Logic_Bombs by hedongchenchen

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									Logic Bombs
  Douglas Smith
 David Palmisano
      What is a Logic Bomb?
 A logic bomb is a piece of code
 intentionally inserted into a software
 system that will set off a malicious function
 when specified conditions are met.
        More on Logic Bombs
 Criteria for “Logic Bombs”
   For code to be considered a ‘logic bomb’ the effects
    of the code should be unwanted and unknown to the
    software operator.
   Trial software that expires after a certain time is
    generally not considered a logic bomb.
 Piggybacking
   Many viruses, worms, and other code that are
    malicious in nature, often carry a logic bomb that
    “detonates” under given conditions. This may help the
    code on it’s journey as it worms through your system
    undetected.
          A New Age of Crime
 Robbery at gunpoint has become
  obsolete. Welcome to the new generation
  of crime.
 Logic bombs for profit (monetary or
  otherwise)
     Remote
     No get-a-way car
     Low fatality rate
     Wile E. Coyote syndrome a thing of the past
  Emergence of the Logic Bomb
 Technology is directly proportional to the
  need for security.
 The home computer was one of the
  greatest technological advancements
  since the wheel.
   Word Processing
   Pong
   The Virus
          Emergence cont’d
 Time Bombs
   Detonates at a given time.
   Most well-known version of the logic bomb.
   Many of the first viruses released were time
    bombs.
   Debuted in the 1980’s (Friday the 13th virus)
   Michelangelo virus brought public focus to
    viruses due to media coverage.
                  Attackers
 Most of the time Logic bombs are placed
  in the system by insiders.
 Such as:
      Disgruntled employees
      Corporate Spies
 Also planted by remote users/systems
Possible Triggers for Logic Bombs?
   Lapses in time.
   Specific dates.
   Specific Commands
   Specific Actions in Programs
   “Still – there” logic bombs
     Remain in the system with compromising effects.
     Will run as instructed by its creator unless the creator
      deactivates it.
        Payroll example.
             Historic Attacks
 In June 1992, a defense contractor General
  Dynamics employee, Michael Lauffenburger,
  was arrested for inserting a logic bomb that
  would delete vital rocket project data. It was
  alleged that his plan was to return as a highly-
  paid consultant to fix the problem once it
  triggered. The bomb was stumbled on by
  another employee of the company.
  Lauffenburger was charged with computer
  tampering and attempted fraud and faced
  potential fines of $500,000 and jail-time ).
          Historic Attacks
 In February 2000, Tony Xiaotong was
 indicted before a grand jury accused of
 planting a logic bomb during his
 employment as a programmer and
 securities trader at Deutche Morgan
 Grenfell. The bomb had a trigger date of
 July 2000, and was discovered by other
 programmers in the company. Removing
 and cleaning up after the bomb allegedly
 took several months.
        Victimization Prevention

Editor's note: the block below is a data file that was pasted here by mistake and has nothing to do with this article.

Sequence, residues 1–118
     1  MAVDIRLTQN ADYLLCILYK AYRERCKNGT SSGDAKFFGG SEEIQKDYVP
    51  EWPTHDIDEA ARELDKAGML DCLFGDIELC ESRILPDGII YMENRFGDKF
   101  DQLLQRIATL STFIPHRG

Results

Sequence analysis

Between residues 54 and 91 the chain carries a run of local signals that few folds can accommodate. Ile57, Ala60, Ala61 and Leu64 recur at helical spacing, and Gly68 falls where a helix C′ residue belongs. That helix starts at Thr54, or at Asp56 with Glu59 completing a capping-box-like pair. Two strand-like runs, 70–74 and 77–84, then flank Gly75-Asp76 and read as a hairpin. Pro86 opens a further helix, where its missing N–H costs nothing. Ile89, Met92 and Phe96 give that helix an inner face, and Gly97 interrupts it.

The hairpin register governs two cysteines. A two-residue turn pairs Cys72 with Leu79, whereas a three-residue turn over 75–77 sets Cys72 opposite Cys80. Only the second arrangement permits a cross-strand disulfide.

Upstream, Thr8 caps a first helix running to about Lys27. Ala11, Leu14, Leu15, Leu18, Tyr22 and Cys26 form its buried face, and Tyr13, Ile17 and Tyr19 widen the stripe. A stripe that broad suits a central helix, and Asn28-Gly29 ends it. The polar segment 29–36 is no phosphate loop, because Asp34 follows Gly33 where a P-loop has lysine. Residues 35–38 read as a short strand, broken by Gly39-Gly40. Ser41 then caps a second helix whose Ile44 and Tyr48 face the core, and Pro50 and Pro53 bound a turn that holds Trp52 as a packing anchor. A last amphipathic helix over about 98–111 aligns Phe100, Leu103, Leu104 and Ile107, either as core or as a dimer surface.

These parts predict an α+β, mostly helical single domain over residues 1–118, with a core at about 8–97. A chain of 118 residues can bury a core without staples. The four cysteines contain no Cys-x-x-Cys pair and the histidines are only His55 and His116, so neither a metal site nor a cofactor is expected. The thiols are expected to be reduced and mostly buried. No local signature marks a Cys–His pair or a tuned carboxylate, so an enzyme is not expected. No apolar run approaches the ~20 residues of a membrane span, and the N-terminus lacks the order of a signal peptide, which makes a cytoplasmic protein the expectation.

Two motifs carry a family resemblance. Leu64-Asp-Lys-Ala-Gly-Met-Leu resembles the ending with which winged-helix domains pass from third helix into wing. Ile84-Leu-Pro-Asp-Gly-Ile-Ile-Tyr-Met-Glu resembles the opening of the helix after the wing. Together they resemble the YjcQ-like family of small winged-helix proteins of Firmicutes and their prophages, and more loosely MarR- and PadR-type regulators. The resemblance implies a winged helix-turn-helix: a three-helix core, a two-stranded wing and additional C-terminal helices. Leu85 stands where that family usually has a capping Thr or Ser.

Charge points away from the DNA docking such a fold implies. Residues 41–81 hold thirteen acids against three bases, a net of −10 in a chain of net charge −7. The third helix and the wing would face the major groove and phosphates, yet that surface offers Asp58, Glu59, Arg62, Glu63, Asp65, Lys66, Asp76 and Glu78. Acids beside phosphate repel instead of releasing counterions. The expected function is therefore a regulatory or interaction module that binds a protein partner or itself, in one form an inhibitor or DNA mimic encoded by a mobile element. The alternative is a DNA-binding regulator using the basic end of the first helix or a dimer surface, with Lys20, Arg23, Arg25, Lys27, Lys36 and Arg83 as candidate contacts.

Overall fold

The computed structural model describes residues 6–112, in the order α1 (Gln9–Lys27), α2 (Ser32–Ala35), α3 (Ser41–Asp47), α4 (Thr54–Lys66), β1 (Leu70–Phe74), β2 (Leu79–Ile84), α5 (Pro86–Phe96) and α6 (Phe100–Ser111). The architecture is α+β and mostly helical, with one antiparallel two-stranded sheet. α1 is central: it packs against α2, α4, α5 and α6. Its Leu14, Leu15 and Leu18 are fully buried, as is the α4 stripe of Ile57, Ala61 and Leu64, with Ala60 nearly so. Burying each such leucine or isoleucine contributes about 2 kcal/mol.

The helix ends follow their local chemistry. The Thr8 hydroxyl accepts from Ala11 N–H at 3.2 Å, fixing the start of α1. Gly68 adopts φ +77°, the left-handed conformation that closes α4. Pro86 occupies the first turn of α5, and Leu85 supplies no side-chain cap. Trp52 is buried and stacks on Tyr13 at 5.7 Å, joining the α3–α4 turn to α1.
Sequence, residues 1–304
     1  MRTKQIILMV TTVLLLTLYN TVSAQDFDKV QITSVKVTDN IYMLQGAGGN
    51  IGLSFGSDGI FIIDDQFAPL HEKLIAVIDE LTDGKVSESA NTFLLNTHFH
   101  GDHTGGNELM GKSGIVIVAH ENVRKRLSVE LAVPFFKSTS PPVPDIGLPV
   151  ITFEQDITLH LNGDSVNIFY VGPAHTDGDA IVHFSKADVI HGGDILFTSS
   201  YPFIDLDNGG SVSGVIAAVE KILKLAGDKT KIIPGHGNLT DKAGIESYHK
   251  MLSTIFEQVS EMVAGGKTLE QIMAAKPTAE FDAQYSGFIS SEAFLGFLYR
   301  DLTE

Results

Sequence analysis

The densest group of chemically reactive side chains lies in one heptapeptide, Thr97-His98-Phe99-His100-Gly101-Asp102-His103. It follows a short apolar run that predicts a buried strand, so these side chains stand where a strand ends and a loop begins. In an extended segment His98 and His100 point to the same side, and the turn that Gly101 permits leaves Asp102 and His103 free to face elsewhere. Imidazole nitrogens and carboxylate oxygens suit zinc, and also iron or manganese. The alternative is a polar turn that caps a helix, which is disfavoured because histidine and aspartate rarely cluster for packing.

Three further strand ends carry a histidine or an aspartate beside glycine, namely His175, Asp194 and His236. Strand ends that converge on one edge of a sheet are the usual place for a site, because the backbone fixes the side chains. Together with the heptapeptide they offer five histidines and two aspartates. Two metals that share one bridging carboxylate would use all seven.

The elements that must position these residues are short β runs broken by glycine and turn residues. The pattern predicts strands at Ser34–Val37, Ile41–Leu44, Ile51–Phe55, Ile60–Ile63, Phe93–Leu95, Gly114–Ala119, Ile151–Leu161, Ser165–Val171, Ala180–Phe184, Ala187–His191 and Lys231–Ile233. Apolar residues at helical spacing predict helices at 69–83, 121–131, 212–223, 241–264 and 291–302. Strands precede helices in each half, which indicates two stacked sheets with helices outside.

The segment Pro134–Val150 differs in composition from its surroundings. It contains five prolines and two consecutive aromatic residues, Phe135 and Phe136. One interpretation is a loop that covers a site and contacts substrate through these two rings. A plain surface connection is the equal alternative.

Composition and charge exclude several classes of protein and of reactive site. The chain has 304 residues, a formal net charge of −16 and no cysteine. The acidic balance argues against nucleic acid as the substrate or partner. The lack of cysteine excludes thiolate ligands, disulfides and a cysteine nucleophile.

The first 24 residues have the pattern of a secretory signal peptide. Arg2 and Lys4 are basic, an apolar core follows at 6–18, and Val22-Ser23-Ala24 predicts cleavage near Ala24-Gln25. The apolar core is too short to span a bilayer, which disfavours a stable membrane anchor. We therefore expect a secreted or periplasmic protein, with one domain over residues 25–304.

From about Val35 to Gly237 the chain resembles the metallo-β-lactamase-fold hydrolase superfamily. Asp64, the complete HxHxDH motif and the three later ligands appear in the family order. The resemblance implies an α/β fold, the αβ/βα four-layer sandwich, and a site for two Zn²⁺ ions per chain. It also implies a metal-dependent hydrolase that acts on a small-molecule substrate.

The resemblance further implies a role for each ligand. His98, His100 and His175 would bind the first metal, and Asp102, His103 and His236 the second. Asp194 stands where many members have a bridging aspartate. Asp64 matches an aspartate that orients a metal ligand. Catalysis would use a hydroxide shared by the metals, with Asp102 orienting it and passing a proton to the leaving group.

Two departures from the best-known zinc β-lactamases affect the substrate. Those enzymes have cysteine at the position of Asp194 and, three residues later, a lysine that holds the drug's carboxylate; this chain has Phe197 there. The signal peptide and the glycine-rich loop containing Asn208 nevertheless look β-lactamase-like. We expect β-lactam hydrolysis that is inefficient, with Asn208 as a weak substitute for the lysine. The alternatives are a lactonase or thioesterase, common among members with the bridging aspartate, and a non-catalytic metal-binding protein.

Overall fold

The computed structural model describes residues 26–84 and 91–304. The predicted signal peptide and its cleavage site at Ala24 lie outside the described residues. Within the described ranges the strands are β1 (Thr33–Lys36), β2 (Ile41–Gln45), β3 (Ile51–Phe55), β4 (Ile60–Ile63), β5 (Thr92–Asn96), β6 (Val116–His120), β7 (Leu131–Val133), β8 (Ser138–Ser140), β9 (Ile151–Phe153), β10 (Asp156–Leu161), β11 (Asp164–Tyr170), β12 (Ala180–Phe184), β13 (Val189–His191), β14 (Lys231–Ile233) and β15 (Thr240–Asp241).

 Do not allow any one person universal access to your
  system.
    Separation of duties
 Always practice safe computing. Always use protection.
  AntiVirus software can significantly reduce the risk of
  contracting a virus which may contain a logic bomb.
       New strains of logic bomb and virus programs are constantly being
        created.
 Remember, if you believe your system may be
  compromised by another entity (programmer, software or
  other system). Get tested to prevent the transmission of
  dangerous code operations.
              Defenses for Bombs
 Segregate operations from programming and testing.
 Institute a carefully controlled process for moving code into
    production.
   Give only operations staff write-access to production code.
   Lock down your production code - source and executable – making
    it close to impossible for unauthorized people to modify programs.
   Assign responsibility for specific production programs to named
    positions in operations.
   Develop and maintain a list of authorized programmers who are
    allowed to request implementation of changes to production
    programs.
   Require authorization from the authorized quality assurance officer
    before accepting changes to production.
   Keep records of exactly which modifications were installed when,
    and at whose request.
             Defenses for Bombs
 Use hash functions on entire files in the production library.
 Recompute all hashes against a secure table to ensure that no one
  has altered production files without authorization and
  documentation.
 Keep audit trails running at all times so that you can determine
  exactly which user modified which file and when.
 If possible, ensure that audit trails include chained hash functions.
  That is, the checksum on each record (which must include a
  timestamp) is calculated not only on the basis of the record itself but
  also using as input the checksum from the previous record.
  Modifying such an audit trail is much more complicated than simply
  using a disk editor to alter data in one or two records.
 Back up your audit files and keep them under high security.
                   Bibliography
 Kabay, M. E.. Network World Security Newsletter, August 21, 2002.
  http://www.networkworld.com/newsletters/sec/2002/01514405.html

 Walder, Justin. Press Release, December 17, 2002.
  http://www.usdoj.gov/criminal/cybercrime/duronioIndict.htm

 Answers.com. Logic bombs:Definition and Much More from
  Answers.com. http://www.answers.com/topic/logic-bomb

								
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